The COVID-19 pandemic is accelerating the growing trend toward remote work and creating a demand for software developers and engineers who can create, deploy, and maintain new technologies while collaborating digitally. Employers are rethinking the way they source and train talent to meet these new skill demands. We'll explore the pros and cons of outsourcing and upskilling as viable talent strategies for resolving skill shortages within organizations.
By Kimberley Whyte
A skilled workforce is essential to the success of any business, and as a result of the pandemic disruption, employers are now faced with the tough decision of choosing how to scale with limited resources. Two popular talent solutions have emerged: outsourcing operations externally and upskilling developers internally.
We’ll explore the pros and cons of both strategies to help leaders determine the best approach for resolving skill shortages within their organizations.
Benefits of outsourcing
The concept of remote work is common in the tech space. According to Statista, the pre-pandemic IT outsourcing market was forecast to reach approximately $413.7 billion by 2021. Today, businesses continue to search outside of their organizations to fill knowledge and skills gaps. Research by Gartner® finds that approximately 32% of organizations are replacing full-time employees with contingent workers as a cost-saving measure. For employers with limited budgets or lack of access to training resources, hiring locally or offshore offers a number of benefits:
- Cost-efficiency: Growing businesses need more office space, skilled employees and services. Outsourcing can offset operating costs by reducing the expenses associated with hiring and training.
- Agility: The expense required to stay up-to-date and train employees to learn and use new technology can be cost-prohibitive for many businesses. Outsourcing increases agility by decreasing capital expenditures.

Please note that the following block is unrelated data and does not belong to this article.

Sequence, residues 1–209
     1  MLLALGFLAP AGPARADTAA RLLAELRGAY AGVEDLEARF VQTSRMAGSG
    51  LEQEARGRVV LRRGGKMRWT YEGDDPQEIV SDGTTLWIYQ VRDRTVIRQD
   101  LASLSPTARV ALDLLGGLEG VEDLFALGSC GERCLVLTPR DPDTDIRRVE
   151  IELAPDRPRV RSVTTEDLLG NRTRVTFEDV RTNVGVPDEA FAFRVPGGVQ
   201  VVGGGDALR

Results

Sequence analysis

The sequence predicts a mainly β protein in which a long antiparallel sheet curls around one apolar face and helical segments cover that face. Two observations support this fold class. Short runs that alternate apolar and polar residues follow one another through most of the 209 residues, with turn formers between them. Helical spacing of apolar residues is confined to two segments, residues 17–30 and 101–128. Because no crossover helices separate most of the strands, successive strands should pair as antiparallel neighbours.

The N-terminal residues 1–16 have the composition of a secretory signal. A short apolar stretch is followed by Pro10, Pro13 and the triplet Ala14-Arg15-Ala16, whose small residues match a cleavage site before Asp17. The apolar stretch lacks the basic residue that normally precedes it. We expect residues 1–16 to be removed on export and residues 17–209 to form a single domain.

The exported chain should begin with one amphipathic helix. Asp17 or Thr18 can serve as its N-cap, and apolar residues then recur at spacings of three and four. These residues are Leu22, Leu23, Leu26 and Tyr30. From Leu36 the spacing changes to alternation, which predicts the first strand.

- Continuity and security: Periods of high attrition can cause instability within business operations. Outsourcing provides a level of security and continuity while reducing the risk of losing critical personnel.
- Focus: Outsourcing reduces testing workload, creating more time for developers to focus on mission-critical deliverables.
Benefits of upskilling
Upskilling is the process of equipping existing employees with new competencies to bridge skills gaps. According to a 2019 paper from the World Economic Forum and Boston Consulting Group, upskilling an existing workforce comes at a price – approximately $24,800 per person in the United States (this includes start-up costs, along with training program implementations). Although upskilling can be a significant investment, the benefits are game-changing:
- Employee engagement and retention: Training better equips employees to handle complex tasks and take on new challenges. They become better contenders for promotions and, according to Forbes, are more likely to stick around long-term.
- Increased morale, loyalty, and motivation: Training offers employees a sense of recognition and boosts their confidence. Employees who receive training are also motivated to improve their performance.
- Succession planning: Upskilling can stabilize change management by empowering successors to step into leadership roles with the least disruption.
- Accelerated business growth: A CFO Research Services report finds that nearly all CFOs recognize the critical impact of human capital in key business areas such as driving customer satisfaction, product and service innovation, growth and overall profitability. With upskilling, leaders can train employees with the specific competencies and skills needed to scale their organizations.
The bottom line
In conclusion, both outsourcing and upskilling have benefits. Companies that outsource benefit from cost-efficiency, agility, and security. Businesses that upskill gain employee retention, business growth, and increased employee confidence. Companies can also choose to both upskill and outsource to receive the benefits of both. There is no one-size-fits-all solution. Employers will need to assess budget and funding, industry outlook, and internal pandemic implications to determine the best course of action for their business.
About the Author
Kimberley Whyte is an ISTQB® certified professional with more than three years of experience in Quality Assurance. She has spearheaded software testing efforts in companies small and large. Having a love for all things tech, Kimberley’s passion is to ensure that quality remains at the forefront of software systems and programs.